Can we construct a society that promotes and upholds human dignity? How can we improve transparency and accountability in the government, economic and corporate sectors? Is the Universal Declaration of Human Rights sufficient, or must the international community develop a common basis of human values, responsibilities and ethics? How can we construct a participatory democracy such that every voice is equally heard and respected?

No, these aren’t paradigms from your International Relations professor or a list of final essay topics for your government class. These were issues of immediate consequence to the 130,000 participants of diverse nationality, race, class and creed that met for the World Social Forum in Porto Alegre, Brazil, Jan. 23-28. The third annual assembly of the WSF came together to recognize the suffering inflicted on many people and their communities as a result of current globalization trends. More importantly, it was a chance to discuss sustainable alternatives that prioritized the poor, the workers and the environment. Originally created to encompass the social issues and economic considerations overlooked by the World Economic Forum, the WSF has evolved into a space for debate and reflection on how to create a just political economy that serves the needs of the greater part of the human family.

This year’s WSF was based on five key themes: democratic sustainable development, human rights and diversity in values, media, culture, and counter-hegemony, political power, civil society and democracy, and the struggle against militarism and promotion of peace. Within these five thematic areas, round tables and panels generated open and thought-provoking discussions, while workshops designed by the various delegate organizations focused on specific issues such as poverty reduction, water privatization, unions and employment, AIDS and fair trade. At the end of the five days, the delegations at the WSF displayed a series of concrete proposals for the creation of sustainable and just alternatives for a better world.

Although there was an overwhelming feeling of hope and possibility throughout the forum, individuals also met to acknowledge the sobering realities of the current economic, social and political situation. The effects of poor country debt, the realities of the embargo on Iraq, the international consequences of agricultural subsidies and dumping and the continuation of impunity without a strong international criminal court were some of the issues discussed.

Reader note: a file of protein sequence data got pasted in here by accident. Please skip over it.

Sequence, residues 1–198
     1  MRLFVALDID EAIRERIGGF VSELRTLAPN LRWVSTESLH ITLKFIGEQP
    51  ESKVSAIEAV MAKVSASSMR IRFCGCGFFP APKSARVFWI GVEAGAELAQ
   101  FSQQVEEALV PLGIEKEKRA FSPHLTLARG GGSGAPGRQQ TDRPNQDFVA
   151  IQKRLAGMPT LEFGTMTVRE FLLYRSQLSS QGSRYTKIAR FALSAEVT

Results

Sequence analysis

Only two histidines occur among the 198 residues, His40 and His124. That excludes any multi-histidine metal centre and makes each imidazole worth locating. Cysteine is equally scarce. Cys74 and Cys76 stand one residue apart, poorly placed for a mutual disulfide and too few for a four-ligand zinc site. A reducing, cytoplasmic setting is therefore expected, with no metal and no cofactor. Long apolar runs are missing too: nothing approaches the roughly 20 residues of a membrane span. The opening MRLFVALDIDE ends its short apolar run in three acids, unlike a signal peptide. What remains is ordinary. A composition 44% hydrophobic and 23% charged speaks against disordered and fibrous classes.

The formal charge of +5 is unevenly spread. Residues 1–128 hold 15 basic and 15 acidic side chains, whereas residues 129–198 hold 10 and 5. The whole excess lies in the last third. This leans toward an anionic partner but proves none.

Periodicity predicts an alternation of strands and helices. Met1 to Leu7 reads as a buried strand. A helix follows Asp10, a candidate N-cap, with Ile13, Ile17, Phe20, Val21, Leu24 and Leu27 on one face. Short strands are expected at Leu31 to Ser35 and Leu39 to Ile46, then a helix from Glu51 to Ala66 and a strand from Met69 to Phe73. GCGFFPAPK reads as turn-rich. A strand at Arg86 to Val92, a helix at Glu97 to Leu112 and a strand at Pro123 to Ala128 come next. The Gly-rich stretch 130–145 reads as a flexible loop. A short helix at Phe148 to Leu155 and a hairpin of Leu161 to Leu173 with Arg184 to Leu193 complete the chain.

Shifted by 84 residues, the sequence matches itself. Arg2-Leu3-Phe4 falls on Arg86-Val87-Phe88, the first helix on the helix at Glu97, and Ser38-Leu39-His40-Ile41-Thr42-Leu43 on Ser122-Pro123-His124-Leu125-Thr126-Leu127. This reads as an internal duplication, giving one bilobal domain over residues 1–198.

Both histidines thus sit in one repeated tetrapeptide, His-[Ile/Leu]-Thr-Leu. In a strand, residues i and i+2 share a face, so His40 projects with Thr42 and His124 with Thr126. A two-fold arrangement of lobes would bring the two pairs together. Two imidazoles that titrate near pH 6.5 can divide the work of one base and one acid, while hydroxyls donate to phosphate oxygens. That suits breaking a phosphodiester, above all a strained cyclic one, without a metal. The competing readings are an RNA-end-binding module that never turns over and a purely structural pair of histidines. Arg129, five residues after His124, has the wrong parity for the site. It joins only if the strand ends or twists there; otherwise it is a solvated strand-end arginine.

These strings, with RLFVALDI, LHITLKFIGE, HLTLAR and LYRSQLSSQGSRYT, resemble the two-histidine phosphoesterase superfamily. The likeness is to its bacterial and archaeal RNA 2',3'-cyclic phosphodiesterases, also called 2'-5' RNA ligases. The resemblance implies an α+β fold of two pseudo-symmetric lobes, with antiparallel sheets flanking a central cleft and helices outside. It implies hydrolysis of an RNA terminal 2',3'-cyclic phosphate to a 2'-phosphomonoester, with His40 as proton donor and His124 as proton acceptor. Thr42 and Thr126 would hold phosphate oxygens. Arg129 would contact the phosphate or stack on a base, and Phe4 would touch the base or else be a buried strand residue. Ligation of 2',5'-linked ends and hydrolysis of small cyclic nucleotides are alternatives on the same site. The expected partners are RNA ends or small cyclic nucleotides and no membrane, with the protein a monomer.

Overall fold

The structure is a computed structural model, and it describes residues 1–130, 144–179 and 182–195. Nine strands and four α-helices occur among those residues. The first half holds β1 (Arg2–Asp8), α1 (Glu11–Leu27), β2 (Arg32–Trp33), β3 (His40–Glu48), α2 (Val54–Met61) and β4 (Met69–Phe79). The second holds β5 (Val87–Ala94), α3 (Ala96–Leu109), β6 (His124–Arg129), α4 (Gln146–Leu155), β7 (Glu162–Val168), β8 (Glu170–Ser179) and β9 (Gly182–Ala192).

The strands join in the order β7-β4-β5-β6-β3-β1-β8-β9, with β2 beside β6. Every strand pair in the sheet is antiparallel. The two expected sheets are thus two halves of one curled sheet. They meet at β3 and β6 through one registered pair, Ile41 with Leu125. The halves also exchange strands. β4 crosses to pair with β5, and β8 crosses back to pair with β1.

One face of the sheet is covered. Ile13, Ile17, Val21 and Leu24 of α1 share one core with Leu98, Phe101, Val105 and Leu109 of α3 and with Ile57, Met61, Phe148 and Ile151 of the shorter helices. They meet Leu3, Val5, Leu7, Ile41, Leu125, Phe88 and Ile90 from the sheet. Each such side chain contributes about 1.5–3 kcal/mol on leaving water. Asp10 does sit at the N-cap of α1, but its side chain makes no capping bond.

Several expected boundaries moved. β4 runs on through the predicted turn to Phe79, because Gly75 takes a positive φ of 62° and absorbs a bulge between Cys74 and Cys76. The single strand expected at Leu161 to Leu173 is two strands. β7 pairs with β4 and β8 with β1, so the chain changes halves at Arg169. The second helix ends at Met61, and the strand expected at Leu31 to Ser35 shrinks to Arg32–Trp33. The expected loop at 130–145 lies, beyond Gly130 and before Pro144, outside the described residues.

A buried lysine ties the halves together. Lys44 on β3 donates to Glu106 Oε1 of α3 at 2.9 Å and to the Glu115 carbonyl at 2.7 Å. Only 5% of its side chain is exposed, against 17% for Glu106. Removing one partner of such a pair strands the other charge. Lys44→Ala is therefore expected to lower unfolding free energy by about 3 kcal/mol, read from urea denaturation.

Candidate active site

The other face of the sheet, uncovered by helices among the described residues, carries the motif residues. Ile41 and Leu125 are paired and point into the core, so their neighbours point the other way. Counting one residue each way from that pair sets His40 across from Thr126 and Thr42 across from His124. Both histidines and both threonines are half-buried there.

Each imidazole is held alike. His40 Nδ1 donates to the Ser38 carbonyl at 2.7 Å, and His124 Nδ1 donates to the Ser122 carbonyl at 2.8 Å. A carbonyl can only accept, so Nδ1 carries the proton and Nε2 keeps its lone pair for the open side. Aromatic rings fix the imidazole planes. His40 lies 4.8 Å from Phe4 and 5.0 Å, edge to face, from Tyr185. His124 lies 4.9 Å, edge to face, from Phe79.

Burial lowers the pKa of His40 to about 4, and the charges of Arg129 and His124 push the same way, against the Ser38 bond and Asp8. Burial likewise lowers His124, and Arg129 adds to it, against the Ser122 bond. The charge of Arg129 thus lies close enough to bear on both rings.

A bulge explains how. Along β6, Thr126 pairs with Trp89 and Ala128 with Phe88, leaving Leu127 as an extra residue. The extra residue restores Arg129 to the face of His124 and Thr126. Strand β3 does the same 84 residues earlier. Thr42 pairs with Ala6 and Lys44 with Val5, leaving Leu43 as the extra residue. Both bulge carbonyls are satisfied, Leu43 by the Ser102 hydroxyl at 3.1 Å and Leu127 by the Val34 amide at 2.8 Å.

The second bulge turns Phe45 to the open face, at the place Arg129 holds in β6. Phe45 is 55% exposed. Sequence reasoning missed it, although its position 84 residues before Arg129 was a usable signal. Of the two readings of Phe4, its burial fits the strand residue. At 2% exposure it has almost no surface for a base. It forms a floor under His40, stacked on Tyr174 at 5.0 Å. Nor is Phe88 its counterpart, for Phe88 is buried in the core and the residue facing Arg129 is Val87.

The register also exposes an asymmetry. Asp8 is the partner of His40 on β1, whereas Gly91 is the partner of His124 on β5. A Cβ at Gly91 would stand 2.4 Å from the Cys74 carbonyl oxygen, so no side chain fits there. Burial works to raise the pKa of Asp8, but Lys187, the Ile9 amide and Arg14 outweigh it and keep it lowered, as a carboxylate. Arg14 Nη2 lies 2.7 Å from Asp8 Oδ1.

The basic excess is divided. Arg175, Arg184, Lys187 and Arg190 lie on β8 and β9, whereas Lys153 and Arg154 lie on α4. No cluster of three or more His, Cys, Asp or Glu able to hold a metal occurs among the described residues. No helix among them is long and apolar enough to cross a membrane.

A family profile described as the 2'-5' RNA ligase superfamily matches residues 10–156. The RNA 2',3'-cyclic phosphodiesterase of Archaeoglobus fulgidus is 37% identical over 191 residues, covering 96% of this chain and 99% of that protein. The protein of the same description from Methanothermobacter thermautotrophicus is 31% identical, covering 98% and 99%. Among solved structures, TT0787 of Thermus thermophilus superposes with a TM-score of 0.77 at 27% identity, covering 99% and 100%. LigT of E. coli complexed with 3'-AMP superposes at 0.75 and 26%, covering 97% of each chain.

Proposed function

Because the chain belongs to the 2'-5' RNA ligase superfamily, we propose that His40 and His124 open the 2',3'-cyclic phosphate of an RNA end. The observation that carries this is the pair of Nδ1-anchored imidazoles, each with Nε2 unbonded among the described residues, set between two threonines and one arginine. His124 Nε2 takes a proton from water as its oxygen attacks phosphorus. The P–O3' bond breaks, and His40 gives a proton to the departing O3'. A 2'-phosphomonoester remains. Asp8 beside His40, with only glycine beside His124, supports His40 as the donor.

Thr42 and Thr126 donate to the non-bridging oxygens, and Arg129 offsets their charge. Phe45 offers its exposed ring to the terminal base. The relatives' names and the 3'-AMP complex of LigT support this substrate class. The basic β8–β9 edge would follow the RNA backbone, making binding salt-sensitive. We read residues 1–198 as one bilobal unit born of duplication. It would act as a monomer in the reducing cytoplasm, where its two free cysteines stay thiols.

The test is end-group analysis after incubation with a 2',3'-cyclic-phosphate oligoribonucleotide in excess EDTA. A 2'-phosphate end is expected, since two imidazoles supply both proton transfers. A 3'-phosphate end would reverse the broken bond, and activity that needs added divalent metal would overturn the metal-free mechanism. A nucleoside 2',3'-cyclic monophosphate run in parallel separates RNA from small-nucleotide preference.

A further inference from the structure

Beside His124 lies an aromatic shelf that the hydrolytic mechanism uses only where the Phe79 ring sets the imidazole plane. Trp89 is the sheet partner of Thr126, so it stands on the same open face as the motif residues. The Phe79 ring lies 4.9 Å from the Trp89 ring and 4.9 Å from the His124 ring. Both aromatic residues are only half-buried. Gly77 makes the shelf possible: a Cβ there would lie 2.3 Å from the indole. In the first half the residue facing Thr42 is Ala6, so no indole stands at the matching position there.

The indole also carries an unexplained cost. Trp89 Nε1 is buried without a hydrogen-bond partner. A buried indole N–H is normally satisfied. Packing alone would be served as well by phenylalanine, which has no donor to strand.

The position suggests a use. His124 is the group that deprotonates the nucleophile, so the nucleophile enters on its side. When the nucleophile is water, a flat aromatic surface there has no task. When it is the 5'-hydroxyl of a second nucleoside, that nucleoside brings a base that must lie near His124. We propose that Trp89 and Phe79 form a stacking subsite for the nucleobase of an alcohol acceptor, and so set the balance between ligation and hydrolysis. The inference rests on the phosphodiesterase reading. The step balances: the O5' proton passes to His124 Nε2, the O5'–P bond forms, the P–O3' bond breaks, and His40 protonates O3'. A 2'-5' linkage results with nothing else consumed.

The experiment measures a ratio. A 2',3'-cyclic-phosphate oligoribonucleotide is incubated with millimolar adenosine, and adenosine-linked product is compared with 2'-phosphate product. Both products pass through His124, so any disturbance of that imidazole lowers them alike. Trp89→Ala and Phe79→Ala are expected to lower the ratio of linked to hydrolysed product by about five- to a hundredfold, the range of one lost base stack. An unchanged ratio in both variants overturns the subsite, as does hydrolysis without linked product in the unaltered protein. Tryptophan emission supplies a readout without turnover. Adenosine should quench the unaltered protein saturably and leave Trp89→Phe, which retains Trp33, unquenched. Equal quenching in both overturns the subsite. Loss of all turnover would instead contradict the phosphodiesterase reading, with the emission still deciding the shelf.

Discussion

In a session focusing on peace and values, Leonardo Boff, one of the fathers of liberation theology, posed the question, “What peace is possible in the human condition?” He responded that peace must be built through a process of justice and care. Peace and security will be achieved when all human beings become allies with one another.

Seemingly in response to Boff’s question, three Palestinian and three Israeli peace activists, who had led several dialogues for peace over the four days, rose to announce their proposal for peace in Palestine and Israel during the last afternoon of the forum. As they stood to read their peace proposal, tens of thousands of people stood up with them and took the hands of their neighbors as they listened to the proposal. As the individuals on stage embraced, the hope that a real peace was possible swelled throughout the auditorium.

To personally respond to Boff’s question, we must not only recognize the realities civil society faces today, but also work to create sustainable and just solutions that respond to the needs of all people and foster peace. The question is no longer whether one is for or against globalization, but rather, what type of globalization do we promote as we consume, vote, and participate in the evolution of our culture? Do we encourage militarization, undue corporate influence, a culture of fear, terror and fundamentalism? Or, can we act to globalize hope, justice, human rights and peace in all their forms?

Janet Lawson is a junior in the School of Foreign Service.

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